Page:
The quantity of water divided by the quantity of cement (both measured in kilograms) gives the water – cement ratio.

- A low water to cement ratio leads to high strength but low work ability.
- A high water to cement ratio produces a low strength concrete but good work ability.

A common shortcoming in concrete works is that too much water is added as it is then easier to spread and compact the concrete.

Caution: Too much water seriously affects the strength of the concrete.

The strength of concrete increases when less water is used during the preparation of the mix. Although the hydration process consumes a certain amount of water, wet concrete actually contains more water than required for the hydration reactions. The excess water is added to provide the wet mix with sufficient work ability. Concrete needs to be workable so that it can be moulded into the desired shapes and consolidated to the required density. A careful balance of cement to water is therefore required when preparing the mix. Water- cement ratios in the range between 0.4 and 0.6 provide a good work ability without compromising the strength of the concrete. Hand-mixed and hand-placed concrete requires more water to achieve sufficient work ability (water/cement ratio between 0.5 and 0.65).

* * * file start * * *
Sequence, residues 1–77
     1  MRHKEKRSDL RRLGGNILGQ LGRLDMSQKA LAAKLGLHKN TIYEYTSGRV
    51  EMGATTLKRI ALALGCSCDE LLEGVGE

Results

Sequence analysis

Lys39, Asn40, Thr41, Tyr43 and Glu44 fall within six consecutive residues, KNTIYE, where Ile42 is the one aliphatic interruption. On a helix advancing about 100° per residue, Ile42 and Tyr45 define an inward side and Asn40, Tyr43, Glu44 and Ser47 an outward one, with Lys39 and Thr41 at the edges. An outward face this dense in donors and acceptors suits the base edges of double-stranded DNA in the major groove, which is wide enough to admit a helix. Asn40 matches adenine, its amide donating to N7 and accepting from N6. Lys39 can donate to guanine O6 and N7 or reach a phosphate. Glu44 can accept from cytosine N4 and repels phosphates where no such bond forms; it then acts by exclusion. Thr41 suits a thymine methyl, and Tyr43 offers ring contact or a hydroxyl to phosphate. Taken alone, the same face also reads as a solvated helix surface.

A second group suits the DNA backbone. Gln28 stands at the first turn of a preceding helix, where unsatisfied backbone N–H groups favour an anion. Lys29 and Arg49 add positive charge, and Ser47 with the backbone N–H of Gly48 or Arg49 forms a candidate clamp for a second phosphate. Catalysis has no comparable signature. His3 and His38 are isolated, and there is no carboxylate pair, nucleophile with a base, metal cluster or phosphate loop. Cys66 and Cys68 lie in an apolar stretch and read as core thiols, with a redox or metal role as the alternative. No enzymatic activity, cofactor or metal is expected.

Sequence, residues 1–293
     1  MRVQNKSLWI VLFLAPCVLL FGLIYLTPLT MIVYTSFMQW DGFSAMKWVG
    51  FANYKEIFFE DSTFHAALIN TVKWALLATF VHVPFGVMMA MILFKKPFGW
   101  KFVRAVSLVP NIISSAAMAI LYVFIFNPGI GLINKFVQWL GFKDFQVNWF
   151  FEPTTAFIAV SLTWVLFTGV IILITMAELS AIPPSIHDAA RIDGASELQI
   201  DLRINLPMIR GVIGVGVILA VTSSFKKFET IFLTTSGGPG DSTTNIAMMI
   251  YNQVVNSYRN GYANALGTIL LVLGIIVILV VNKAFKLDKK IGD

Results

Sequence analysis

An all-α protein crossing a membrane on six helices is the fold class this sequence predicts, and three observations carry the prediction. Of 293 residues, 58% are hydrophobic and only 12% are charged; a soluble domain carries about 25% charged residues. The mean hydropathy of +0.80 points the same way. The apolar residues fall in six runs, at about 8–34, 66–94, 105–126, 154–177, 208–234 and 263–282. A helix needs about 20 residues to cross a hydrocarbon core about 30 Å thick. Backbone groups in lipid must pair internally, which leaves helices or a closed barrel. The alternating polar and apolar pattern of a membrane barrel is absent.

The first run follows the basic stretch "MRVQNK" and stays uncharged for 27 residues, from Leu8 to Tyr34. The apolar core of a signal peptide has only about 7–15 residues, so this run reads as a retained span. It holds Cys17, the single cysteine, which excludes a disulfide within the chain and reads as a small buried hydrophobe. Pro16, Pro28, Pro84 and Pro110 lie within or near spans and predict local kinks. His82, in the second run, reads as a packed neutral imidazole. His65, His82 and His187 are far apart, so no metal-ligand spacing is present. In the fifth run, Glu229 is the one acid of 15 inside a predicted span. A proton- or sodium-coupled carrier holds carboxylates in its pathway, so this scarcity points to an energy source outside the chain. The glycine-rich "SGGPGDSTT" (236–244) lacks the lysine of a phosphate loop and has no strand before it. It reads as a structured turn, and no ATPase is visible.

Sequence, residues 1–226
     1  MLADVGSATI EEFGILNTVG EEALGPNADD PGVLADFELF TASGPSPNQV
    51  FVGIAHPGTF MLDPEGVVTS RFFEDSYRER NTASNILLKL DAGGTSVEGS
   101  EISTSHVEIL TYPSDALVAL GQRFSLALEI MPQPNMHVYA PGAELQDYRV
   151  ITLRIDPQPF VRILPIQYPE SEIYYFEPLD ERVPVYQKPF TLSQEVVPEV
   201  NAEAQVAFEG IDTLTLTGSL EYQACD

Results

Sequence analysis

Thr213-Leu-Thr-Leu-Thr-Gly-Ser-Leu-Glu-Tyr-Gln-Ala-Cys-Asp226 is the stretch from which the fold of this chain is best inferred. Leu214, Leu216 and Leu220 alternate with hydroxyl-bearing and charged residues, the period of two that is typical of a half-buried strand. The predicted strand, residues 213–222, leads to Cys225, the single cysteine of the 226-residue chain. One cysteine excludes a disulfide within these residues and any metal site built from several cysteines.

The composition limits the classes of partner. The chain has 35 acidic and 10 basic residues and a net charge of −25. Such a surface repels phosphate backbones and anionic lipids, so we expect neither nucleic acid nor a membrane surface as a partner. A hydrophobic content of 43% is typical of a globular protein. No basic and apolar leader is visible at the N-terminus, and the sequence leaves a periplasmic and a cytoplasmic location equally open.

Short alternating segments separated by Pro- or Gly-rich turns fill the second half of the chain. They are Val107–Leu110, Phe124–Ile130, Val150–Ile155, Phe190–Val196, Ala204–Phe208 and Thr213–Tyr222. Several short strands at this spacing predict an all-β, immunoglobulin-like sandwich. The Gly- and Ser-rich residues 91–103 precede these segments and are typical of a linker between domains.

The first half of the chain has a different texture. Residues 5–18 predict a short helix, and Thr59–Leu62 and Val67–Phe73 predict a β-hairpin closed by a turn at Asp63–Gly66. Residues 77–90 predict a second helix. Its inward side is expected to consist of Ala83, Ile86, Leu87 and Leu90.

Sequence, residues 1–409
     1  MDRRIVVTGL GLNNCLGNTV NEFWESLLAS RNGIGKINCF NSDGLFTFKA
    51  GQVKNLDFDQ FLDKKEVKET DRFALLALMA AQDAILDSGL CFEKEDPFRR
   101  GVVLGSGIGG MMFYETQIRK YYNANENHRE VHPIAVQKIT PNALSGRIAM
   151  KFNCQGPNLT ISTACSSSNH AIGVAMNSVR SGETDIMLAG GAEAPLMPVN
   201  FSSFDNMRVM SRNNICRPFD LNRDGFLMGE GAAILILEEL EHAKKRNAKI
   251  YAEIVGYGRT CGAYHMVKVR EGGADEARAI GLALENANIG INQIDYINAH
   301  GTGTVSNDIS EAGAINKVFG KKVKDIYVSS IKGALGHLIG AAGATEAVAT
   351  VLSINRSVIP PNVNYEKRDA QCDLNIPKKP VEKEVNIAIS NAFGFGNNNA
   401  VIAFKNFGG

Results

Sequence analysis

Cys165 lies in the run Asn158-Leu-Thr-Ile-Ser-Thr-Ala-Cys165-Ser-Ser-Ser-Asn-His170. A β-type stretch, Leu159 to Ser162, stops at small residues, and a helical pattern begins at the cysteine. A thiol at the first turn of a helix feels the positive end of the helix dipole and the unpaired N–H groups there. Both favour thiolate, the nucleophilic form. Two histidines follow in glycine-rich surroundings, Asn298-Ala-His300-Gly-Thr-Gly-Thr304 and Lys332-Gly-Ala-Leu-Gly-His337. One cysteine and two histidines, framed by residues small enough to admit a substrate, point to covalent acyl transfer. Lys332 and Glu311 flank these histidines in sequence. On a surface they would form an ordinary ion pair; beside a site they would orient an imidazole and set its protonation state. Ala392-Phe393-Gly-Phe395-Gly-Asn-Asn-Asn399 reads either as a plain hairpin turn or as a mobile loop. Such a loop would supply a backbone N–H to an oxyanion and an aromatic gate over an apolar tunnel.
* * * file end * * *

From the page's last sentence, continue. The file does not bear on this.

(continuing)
**Example:**

For one 50 kg bag of cement.

- The quantity of water with a ratio of 0.4 means that you add 20 litres of water per bag of cement (0.4 x 50kg = 20 litres/kg of water)
- The volume of water with a ratio of 0.5 means 25 litres of water per bag of cement (0.5 x 50kg = 25 litres/kg of water)

Rule of the thumb for hand mixing: between 20 litres and maximum 25 litres of water per bag of cement.

The *Laddu test *is a common hands-on procedure to find out whether the water cement ratio is correct. Form a ball of ready mixed concrete in your hand, knead it well, throw it up about 60cm and catch it again. If the mixture retains the form of a ball, then the water-cement ratio is acceptable. The water-cement ratio is not correct if the ball disintegrates when you catch it. When pouring concrete for columns you may need slightly more water in order to ensure that concrete reaches all corners in the tight space inside the form work, to avoid honeycombs.

When adding water also consider the existing moisture content of sand and aggregate. After rains it might not be necessary to add the full amount of water as mentioned above. Additional water should never be added when a mix is drying up. If it is necessary to improve the work ability of the concrete, a mixture of cement and water should be used instead.